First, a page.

The Martyrdom of Guru Arjan Dev Ji

As soon as he became the Guru at the age of eighteen, Guru Arjan Dev ji became a champion for the welfare of the poor, sick and disadvantaged sections of the community. He spent nearly eight months in Lahore helping thousands of people who were suffering from malaria and chicken pox. The Guru also started a centre at Tarn Tarran to help people suffering from leprosy.

Testimony to the Guru’s vision was the construction of the world-class city of Amritsar in the Punjab and the establishment of the Golden Temple as a religious centre. These were key components in the formation of the Sikh nation and of Sikhism as an independent faith.

The compilation of the Adi Granth Sahib in 1604 was the Guru’s remarkable contribution to music, spirituality and literature. A committed peacemaker, the Guru enjoyed much success in his efforts to bring about understanding between Hindus and Muslims.

The above achievements meant that the Guru enjoyed increasing popularity and developed a large following. However, this alarmed the Mughal Emperor Jahangir, who began to try to find excuses to punish him. Jahangir accused him of blasphemy in the Adi Granth Sahib and of attempting to help Jahangir’s son Khusro to challenge him for the throne of India.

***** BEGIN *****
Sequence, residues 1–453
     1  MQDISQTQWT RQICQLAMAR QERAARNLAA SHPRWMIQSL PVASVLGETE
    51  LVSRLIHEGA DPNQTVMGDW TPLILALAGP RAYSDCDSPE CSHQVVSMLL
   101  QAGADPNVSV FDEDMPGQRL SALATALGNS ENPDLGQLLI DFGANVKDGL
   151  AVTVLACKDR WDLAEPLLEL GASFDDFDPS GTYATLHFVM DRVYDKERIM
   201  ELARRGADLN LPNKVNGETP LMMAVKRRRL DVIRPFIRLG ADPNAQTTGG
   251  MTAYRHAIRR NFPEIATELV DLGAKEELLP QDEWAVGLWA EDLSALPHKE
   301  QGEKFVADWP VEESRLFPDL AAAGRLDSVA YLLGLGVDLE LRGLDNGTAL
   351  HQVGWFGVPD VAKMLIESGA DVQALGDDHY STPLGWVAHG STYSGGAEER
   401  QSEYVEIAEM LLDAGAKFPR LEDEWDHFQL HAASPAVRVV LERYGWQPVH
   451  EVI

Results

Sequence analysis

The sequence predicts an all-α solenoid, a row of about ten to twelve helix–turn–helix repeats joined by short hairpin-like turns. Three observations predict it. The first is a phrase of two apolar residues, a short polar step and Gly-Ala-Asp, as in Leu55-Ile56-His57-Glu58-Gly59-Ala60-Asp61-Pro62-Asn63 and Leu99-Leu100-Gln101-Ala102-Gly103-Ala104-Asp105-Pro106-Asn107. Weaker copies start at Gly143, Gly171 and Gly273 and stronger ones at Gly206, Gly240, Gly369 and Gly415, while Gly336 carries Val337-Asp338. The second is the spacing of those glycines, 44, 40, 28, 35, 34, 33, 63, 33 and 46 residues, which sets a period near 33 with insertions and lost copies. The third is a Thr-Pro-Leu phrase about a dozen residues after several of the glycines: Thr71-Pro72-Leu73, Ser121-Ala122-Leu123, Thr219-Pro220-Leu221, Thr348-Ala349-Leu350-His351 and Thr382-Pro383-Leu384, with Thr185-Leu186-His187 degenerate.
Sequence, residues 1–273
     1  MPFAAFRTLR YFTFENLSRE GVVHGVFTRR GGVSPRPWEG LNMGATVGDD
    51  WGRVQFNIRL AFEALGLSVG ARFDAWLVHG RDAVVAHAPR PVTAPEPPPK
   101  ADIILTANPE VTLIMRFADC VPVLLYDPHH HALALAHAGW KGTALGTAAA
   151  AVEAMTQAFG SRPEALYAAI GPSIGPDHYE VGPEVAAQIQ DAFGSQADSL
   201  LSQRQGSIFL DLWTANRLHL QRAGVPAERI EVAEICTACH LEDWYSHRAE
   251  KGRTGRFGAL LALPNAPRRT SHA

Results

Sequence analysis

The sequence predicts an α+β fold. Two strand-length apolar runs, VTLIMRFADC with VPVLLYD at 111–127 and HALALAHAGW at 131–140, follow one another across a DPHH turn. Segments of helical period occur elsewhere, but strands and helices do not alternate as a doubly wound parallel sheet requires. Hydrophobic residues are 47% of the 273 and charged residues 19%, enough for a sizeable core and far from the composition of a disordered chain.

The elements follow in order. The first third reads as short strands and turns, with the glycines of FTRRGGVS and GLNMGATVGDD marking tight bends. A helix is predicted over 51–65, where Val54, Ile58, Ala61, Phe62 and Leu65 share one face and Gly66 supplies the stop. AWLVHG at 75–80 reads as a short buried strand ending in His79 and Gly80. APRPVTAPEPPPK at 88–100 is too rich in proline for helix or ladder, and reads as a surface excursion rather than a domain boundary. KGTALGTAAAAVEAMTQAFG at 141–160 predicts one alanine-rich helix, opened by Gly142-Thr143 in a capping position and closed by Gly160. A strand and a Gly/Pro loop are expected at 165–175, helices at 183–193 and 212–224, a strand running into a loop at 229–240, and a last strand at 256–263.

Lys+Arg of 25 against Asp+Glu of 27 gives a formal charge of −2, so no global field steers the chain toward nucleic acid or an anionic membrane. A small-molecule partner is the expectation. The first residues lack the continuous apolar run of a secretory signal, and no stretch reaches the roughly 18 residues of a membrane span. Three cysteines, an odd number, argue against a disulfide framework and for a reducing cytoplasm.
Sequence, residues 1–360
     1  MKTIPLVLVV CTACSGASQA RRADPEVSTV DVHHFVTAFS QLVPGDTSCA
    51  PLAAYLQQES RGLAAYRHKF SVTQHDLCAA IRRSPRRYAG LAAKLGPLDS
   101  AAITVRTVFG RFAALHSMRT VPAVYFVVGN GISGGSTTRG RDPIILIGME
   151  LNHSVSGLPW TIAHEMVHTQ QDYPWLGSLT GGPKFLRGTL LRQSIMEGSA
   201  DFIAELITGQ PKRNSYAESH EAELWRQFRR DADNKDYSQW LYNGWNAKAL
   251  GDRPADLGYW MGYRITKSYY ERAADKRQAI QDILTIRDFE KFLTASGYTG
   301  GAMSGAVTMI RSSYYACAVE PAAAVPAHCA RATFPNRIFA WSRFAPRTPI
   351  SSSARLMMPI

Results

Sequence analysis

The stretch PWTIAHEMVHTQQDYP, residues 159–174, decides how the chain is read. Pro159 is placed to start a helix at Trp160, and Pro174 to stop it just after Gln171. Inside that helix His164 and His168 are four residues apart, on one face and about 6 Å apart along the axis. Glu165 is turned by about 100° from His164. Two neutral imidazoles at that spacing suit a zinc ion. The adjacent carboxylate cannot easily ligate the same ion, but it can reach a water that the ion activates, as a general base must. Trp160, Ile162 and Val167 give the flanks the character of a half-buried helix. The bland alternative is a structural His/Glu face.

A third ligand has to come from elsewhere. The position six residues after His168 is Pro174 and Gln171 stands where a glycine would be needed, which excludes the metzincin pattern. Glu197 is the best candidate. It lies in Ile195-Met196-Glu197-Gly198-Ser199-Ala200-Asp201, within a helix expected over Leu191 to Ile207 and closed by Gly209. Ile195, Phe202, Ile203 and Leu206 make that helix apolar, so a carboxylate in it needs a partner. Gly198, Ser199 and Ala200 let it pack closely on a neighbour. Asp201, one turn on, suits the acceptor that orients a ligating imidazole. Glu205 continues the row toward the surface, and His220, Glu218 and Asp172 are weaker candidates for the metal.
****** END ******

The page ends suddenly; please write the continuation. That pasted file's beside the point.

Diwan Chandu, an officer at the Lahore Provincial Government, took advantage of the situation to take revenge about a personal matter. Guru Arjan Dev Ji was arrested and told to pay a fine of 200,000 rupees. It was left to Chandu Diwan to collect the fine by any means, and he subjected the Guru to physical and emotional tortures. The Guru was forced to sit on a heated plate, with tonnes of burning sand poured over him and he was thrown in to a caldron filled with boiling water.

During the torture, the Sufi Muslim Saint Sai Mia Mir offered to help. But the Guru told him that this was all God’s will, and that he would not complain against his enemies but sacrifice himself to protect the political and religious freedoms of the poor and disadvantaged. After five days of torture, on 25th May 1606, Guru Arjan Dev Ji went for a dip in the River Ravi and disappeared.

The Martyrdom of Guru Arjan Dev Ji is celebrated every year by Sikhs. Sikhs commemorate the Martyrdom by doing diverse acts of service including distributing free meals to the poor and helping the disadvantaged. Through these actions, Sikhs look to enable the principles of peace and understanding to triumph over violence and aggression. The free distribution of sweetened and chilled drinks to all is also a symbolic act by the Sikhs to promote peace and harmony in spite of cruelty and unkindness towards their Guru.